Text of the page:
Commercial Zoning Laws Set to Change for New York’s Open Restaurants

By Published On: November 2, 20213.1 min read

On October 5, the New York Department of City Planning (DCP) and Department of Transportation (DOT) announced “an upcoming citywide public engagement process for design rules on permanent outdoor dining setups located on city streets,” according to the press release.

The city intends to make their Open Restaurants Program, which was implemented as a result of the need for outdoor dining during the COVID-19 pandemic, into a permanent program. Open Restaurants refers to the outdoor dining setups that have been established around the city in the past year and a half. DCP and DOT are currently asking for input from New York residents on how to improve the program, making it “even better,” said DCP Director Anita Laremont.

In June, 2021 a zoning amendment went under public review. Moving forward, the city hopes to implement legislative changes, “such as transferring authority for sidewalk cafes from the Department of Consumer and Workforce Protection (DCWP), which previously administered the program, as well as the establishment of sitting rules, a fee structure and an application review process for the entirely new roadway program.”

In terms of commercial zoning, Joe Marvilli, the Deputy Press Secretary for the Department of City Planning, said the Open Restaurants amendment will not change any design or operational rules for restaurants and other commercial spaces. The law will, however, be “removing geographic restrictions on where sidewalk cafes are allowed,” applying to commercial districts as well.

Other zoning issues under discussion include “ensuring tables and chairs are appropriate distances from fire hydrants and neighboring businesses,” Marvilli said. For issues like these, the city is assessing how best to integrate the Open Restaurants setup with existing zoning laws.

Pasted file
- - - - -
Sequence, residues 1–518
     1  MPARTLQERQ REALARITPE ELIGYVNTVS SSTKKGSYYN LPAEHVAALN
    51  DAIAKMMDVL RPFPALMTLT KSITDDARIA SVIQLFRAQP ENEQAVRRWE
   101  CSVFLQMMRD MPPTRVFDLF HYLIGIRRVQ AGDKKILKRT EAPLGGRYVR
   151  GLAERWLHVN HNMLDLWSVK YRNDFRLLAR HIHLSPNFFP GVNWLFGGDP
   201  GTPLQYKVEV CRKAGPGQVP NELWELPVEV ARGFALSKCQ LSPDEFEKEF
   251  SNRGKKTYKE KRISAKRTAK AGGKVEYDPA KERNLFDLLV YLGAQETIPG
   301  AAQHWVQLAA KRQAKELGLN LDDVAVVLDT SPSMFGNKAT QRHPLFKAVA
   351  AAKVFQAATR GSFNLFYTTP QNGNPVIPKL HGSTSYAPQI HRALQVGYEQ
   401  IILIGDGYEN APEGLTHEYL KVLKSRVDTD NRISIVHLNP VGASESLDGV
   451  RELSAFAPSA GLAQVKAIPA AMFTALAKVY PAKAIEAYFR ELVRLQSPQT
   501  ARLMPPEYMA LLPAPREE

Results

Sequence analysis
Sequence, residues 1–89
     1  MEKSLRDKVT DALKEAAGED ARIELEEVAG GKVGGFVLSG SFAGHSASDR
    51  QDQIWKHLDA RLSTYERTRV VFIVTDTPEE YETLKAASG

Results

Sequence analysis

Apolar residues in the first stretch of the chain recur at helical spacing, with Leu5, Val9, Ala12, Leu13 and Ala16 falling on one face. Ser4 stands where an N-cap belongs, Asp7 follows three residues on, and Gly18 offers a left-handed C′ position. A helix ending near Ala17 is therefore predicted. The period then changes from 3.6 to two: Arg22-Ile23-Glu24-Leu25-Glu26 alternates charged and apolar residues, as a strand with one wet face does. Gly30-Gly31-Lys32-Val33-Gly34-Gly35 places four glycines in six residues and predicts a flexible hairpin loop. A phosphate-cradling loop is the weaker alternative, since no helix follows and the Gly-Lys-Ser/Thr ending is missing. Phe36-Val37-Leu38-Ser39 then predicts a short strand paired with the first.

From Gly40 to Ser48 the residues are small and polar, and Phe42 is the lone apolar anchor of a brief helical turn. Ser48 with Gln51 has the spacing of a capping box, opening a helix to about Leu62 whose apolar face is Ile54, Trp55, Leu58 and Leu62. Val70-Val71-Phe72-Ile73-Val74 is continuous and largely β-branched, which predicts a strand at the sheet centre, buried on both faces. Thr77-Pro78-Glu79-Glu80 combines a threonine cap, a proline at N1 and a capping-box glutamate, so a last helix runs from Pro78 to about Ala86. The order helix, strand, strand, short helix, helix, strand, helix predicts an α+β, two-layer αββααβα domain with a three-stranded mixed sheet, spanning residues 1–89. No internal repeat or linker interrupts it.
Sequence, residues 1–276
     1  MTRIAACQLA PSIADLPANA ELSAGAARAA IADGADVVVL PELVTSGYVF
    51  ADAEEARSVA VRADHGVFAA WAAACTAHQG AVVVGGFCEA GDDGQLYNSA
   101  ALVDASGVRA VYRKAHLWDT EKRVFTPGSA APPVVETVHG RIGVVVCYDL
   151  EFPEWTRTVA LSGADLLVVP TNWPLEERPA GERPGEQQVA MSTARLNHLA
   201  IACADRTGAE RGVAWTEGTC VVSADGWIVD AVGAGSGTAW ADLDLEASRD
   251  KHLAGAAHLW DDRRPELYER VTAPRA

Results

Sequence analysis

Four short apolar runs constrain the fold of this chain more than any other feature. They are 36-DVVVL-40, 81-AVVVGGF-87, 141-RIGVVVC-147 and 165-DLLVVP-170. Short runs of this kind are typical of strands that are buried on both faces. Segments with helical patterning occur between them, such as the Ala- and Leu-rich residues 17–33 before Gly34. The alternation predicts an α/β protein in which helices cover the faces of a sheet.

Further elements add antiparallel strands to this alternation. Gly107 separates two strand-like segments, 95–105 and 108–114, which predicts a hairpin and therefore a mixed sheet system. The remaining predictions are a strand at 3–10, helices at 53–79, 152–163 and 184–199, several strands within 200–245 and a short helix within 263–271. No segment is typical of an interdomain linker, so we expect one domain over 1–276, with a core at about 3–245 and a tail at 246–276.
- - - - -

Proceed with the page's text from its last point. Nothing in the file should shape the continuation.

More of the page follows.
Some specific design guidelines being taken into consideration for the new zoning amendment, Marvilli said, include:

  • Enhancing safe interactions between diners, drivers, cyclists and pedestrians
  • ADA compliance for platforms and ramps
  • Types of shade structures permitted

In the next six months, the DCP and DOT are planning a public outreach program to engage with New Yorkers and hear their thoughts and ideas for the city’s Open Restaurants zoning policies. In the spring, the city hopes to release their new design guidelines, taking into account the public’s input.

DCP and DOT will be holding in-person and remote roundtables throughout the city in the fall and winter. All public outreach sessions will be listed on the DOT website and on NYC Engage for anyone interested in attending.

Other city departments assisting DOT and DCP with the Open Restaurants Program and providing necessary input include: